Elections matter. elections have consequences. If you’re eligible to vote—please do not sit this election out. From the presidential race down to voting for your local school board member, this November’s election has the opportunity to shape San Francisco for decades to come.
In keeping with a tradition that I started last November, I am providing my top ballot priorities for the upcoming Nov. 8, 2016, election. I encourage you to examine and study each candidate and issue and come to your own conclusions for your own reasons, but here are my thoughts.
BALLOT PROPOSITIONS: STATE AND LOCAL
Proposition 63: Prop 63 was developed by former mayor and current Lt. Gov. Gavin Newsom in coordination with gun safety policy experts. Proposition 63 will strengthen the current background check system process, prohibit the sale of large-capacity ammunition magazines, and improve other common-sense gun safety policies on the books. With gun violence continuing to wreak havoc in our communities day-after-day — Prop 63 will help save lives — please vote yes on Prop 63.
Propositions D, H, L, and M: Propositions D, H, L, M were all placed on the ballot by the “progressive” majority on the Board of Supervisors on a 6-5 split vote. Vote no.
Proposition D – Vacancy Appointments: Prop D would require costly special elections whenever a supervisor seat becomes vacant and would lead to “caretaker” supervisors that are not accountable to their constituents because the newly appointed supervisor would not have the opportunity to run for that seat.
Proposition H – Public Advocate: Proposition H would create a new six-figure politician named the public advocate. This new politician would have duplicative powers as the Board of Supervisors and would cost the city millions to create the new office with dozens of new city staff.
Proposition L – MTA Appointments and Budget: Proposition L restructures the MTA Board of Directors and inserts unnecessary City Hall politics into our city’s transportation budgetary decisions. Voters have already rejected similar proposals to restructure the MTA twice in the past—yet the six progressive supervisors felt the need to try again.
Proposition M – Housing Commission: Proposition M would create a new, overly bureaucratic, politically motivated Housing Commission, which would cost the city millions to start. Housing policy experts agree that Proposition M will slow down the construction of new homes and will lead to higher and higher housing prices.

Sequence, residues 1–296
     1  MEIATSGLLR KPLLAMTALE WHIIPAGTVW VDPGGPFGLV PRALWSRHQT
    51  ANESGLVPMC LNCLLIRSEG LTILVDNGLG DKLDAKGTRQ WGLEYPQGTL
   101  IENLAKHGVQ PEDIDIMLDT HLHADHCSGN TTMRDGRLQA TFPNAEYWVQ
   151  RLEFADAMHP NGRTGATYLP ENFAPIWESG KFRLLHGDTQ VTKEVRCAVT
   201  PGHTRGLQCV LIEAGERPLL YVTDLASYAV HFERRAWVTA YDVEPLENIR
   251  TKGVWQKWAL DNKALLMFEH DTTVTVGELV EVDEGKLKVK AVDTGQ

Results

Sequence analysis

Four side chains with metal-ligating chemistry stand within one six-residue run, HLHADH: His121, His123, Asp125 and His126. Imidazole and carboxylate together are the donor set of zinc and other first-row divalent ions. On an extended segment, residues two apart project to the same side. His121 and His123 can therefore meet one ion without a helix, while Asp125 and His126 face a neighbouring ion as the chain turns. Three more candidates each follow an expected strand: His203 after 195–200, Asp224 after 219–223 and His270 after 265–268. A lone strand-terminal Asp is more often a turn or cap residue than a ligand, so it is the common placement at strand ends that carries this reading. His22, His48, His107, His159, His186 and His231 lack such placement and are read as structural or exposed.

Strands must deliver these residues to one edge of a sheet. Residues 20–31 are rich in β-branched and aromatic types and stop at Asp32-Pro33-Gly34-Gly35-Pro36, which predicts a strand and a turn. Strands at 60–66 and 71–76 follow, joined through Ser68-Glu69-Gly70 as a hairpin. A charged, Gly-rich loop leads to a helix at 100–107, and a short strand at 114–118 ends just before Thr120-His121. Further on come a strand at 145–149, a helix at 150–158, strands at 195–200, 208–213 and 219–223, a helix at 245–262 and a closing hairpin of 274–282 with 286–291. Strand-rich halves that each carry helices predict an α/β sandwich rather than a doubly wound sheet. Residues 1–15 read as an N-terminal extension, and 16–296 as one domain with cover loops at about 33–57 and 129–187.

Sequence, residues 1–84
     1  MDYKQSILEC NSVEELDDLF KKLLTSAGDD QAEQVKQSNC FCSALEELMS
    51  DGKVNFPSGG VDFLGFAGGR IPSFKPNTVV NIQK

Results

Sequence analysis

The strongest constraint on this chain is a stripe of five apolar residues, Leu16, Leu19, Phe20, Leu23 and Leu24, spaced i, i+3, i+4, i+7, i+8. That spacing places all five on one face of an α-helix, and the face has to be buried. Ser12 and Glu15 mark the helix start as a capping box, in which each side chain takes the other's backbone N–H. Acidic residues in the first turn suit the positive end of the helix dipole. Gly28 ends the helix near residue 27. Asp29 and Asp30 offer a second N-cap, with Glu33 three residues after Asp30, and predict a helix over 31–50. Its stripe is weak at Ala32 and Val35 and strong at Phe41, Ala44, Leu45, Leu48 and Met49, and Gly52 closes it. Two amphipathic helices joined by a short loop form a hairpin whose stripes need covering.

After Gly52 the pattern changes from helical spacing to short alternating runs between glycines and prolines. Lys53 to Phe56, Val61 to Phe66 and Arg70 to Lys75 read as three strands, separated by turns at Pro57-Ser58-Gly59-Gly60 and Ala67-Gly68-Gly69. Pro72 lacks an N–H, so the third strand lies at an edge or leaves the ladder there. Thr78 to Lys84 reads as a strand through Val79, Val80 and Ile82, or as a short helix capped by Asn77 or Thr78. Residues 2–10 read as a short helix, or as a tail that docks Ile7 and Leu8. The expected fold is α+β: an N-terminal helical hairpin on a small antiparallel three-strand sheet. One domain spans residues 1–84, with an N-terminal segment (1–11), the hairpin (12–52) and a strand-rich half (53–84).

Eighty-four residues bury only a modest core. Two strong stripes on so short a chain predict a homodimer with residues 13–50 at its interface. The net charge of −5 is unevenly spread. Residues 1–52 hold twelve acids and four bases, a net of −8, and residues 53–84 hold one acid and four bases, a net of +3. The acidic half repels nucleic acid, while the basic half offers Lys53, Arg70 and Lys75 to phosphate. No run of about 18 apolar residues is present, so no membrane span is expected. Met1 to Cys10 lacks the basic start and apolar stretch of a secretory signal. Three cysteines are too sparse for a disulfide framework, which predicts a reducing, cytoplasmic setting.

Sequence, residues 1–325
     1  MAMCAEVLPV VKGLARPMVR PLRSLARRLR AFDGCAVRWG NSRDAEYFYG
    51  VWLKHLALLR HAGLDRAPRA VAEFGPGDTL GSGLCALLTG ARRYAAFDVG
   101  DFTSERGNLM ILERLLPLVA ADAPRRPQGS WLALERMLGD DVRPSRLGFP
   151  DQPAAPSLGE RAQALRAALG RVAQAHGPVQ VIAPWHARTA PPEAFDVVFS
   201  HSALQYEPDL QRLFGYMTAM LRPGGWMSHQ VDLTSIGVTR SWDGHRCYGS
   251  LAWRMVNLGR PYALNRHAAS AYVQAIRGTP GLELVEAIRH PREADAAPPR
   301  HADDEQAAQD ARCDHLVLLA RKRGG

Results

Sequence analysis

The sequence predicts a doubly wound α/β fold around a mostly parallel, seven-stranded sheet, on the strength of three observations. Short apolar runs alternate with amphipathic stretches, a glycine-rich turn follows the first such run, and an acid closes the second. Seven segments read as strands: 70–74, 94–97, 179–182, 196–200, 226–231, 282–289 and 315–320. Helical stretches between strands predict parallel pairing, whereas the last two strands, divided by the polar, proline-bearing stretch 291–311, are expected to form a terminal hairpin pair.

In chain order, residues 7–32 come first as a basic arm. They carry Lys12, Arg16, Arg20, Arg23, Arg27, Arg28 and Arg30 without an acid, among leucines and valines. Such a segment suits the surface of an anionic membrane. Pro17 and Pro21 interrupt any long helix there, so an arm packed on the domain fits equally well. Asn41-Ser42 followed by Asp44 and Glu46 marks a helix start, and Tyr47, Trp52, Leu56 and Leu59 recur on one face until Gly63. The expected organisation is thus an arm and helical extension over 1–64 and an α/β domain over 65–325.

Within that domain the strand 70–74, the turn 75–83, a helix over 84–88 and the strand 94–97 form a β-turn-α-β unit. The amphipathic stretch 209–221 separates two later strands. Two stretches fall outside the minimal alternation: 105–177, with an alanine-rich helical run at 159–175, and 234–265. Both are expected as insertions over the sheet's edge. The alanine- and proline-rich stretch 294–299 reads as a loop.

All of these measures are unnecessary, costly, and will negatively impact the delivery of vital public services that our residents depend upon. Again, please vote no on Propositions D, H, L, & M.
Proposition Q – Housing not Tents: San Francisco has a crisis of homelessness, and one of its worst symptoms are the homeless tent encampments that continue to spread throughout our neighborhoods. I authored and placed Proposition Q — Housing not Tents — on the ballot with the support of supervisors Wiener, Tang, and Cohen to help get the homeless out of tents and into housing, shelter, and services.
Proposition Q would ban tent encampments and authorize the city to remove them within 24 hours after offering an available shelter or housing opportunity, or Homeward Bound — which is a city service that pays for transportation assistance back to loved ones with a secured housing opportunity. Proposition Q also mandates that the city store an individual’s belongings for up to 90 days and creates a process for the removal of encampments where there currently is none.
I strongly believe that it is not compassionate to allow human beings to live on our city streets. Tent encampments are unhealthy and unsafe for the individuals residing in them and for our residents and businesses. Let’s help get the homeless into housing, not tents; please vote yes on Proposition Q.
Scott Wiener for state senate: Scott was elected with me to the Board of Supervisors in 2010 and has been fighting with me at the board to enact common sense policies that continue to move San Francisco in the right direction ever since.
Scott is a dedicated public servant who works on our city’s most difficult issues. He has been a fierce advocate for maintaining and expanding our public transportation system, building new housing at all income levels to lower housing costs, improving public health for our families, enhancing public safety by getting more police officers on our streets, and preserving and protecting our environment. Most important, Scott has authored and passed policies in each of these issue areas while his opponent has not.
We need our elected leaders in Sacramento to fight for our values and interests here in San Francisco. We need elected leaders who offer real substance and not just flash. Please join me, the California Democratic Party, our public safety personnel, and numerous business and labor organizations in supporting Scott Wiener for state senate.